Fast charging causes reduction of long-term battery capacity
Originally Posted by elestudiante
Once i read that most new batteries (since 4 years ago to now) can use different chargers with higher amperage without being damaged, so i think you can. i think thats why they don't include charger, because most people already have one at home.
My response here to the above answer is what I understand as a layperson who has recently done internet research into this issue of which power adapters would be ok to use with the Moto G. I will be happy to stand corrected by anyone who has contradictory authoritative information.
My understanding is based on the Battery University
website entries on lithium ion batteries:
Although the above quoted answer on using the Galaxy S4 charger with the Moto G is mainly correct (in that no direct damage to the phone circuitry or immediate damage to the battery will occur by using the higher amperage charger), there still will be a long-term negative affect on battery capacity by using a higher amperage charger.
I believe the S4 comes with a 2A charger. According to Motorola online support website
( motorola-global-portal.custhelp.com/app/answers/prod_answer_detail/a_id/97318/p/30,6720,9050/action/auth )
the Moto G will automatically restrict charging above 1500mA. So that would mean that a 2A charger would cause the Moto G to charge at the 1500mA rate. No damage would be done to the phone circuitry charging at the allowable rate of 1500mA, but the question remains if there would be a long-term reduction of battery capacity by charging at 1500mA for a year or more. The official Motorola charger sold online is now 1200mA. So the comparison should be between charging at 1200mA versus 1500mA.
According to the Battery University website, the optimal range to charge lithium ion batteries is between .5C and .7C. Lower charging rates result in less reduction over time of battery capacity. The C-rate unit is used to measure charging and discharging rates. A value of 1C is equal to the rated amperage of the battery. So, for the Moto G, 1C is equal to 2070mA. Therefore, according to this recommendation, the optimal charging range for the Moto G would be between .5 x 2070 = 1035mA and .7 x 2070 = 1449mA. So, charging at the Moto G's maximum of 1500mA would be just barely outside the optimal range.
But extrapolation from Figure 1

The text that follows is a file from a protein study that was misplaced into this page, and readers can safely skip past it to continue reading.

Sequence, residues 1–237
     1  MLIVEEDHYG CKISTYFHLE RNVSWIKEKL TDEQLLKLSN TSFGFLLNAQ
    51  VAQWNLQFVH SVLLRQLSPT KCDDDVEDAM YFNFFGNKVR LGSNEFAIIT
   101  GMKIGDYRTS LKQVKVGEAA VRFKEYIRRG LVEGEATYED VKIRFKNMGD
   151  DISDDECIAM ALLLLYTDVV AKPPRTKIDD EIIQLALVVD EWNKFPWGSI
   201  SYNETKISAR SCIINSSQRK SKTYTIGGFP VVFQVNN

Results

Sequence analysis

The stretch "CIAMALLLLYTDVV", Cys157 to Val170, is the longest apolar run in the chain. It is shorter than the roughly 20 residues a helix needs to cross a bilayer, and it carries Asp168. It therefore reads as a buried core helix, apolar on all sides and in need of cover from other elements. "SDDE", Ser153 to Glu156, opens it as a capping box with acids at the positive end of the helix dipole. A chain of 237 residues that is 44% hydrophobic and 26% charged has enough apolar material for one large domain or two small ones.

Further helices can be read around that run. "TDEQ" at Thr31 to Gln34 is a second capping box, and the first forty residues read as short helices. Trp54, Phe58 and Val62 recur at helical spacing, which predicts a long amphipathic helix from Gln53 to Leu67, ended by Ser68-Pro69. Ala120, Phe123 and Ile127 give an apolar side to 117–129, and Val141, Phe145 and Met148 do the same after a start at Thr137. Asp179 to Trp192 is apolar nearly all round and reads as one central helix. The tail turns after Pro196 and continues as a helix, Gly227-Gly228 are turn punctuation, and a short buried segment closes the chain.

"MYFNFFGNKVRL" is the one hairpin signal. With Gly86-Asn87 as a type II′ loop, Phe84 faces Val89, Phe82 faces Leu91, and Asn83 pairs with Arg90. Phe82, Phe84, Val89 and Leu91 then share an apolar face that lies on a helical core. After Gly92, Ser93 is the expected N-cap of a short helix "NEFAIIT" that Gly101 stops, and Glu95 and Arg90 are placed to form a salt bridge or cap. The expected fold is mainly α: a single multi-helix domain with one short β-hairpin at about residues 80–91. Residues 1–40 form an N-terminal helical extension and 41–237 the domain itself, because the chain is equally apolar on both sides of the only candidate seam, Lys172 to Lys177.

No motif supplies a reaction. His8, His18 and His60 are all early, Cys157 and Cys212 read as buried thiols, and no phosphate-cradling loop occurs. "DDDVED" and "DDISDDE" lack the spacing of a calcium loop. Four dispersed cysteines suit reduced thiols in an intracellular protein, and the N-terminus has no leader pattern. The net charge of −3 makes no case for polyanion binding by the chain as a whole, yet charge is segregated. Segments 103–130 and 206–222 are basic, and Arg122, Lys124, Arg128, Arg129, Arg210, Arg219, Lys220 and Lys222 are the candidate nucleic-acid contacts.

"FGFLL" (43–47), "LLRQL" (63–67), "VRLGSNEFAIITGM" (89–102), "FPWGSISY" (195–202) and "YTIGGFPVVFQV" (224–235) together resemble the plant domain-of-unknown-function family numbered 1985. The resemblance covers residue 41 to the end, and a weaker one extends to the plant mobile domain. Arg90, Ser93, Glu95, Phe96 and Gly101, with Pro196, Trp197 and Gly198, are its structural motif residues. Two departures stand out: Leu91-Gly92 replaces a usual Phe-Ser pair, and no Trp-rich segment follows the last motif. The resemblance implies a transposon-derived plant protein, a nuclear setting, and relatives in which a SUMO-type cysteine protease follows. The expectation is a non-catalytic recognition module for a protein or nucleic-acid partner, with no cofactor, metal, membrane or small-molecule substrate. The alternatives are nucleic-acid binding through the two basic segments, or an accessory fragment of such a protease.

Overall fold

in the Battery University 'Fast and Ultra-Fast Chargers' article indicates that there would be an additional 9% reduction of battery capacity by charging at a 300mA higher rate of 1500mA over the official charger rate of 1200mA. This additional reduction in capacity of 9% would be over 500 charging cycles, or about 1.5 years of average usage. The normal reduction in capacity just from aging over 500 cycles is already listed as 16%, so adding the 9% would bring it to a total of 25% loss of battery capacity after about 1.5 years.
UPDATE and CORRECTION:
I have more authoritative information directly from Battery University that changes the conclusion I draw above based on my effort to extrapolate from the Battery University website article.
The extrapolation I did above was based on the additional loss of battery capacity cited when going from a 1C to 2C charging rate. But according to direct communication from Battery University, when charging at a rate below .7C there should be no measurable improvement to capacity by using slower charging rates. Charging above .7C would still be expected to add more stress to Lithium Ion Polymer batteries and likely add to long-term reduction of capacity.
So, what this means for the Moto G and Nexus 5 is that there should be no measurable difference between charging with 2A, 1.2A, 1A, or 850mA chargers as far as effect on long-term battery capacity goes. Both the Moto G and Nexus 5 are supposed to automatically restrict the charge rate at 1500mA even when using a faster charger, which is just at or below .7C for both phones. So, as long as the charger dependably keeps to 5V, a higher amperage 2A charger will be faster but pose no problem to long-term capacity.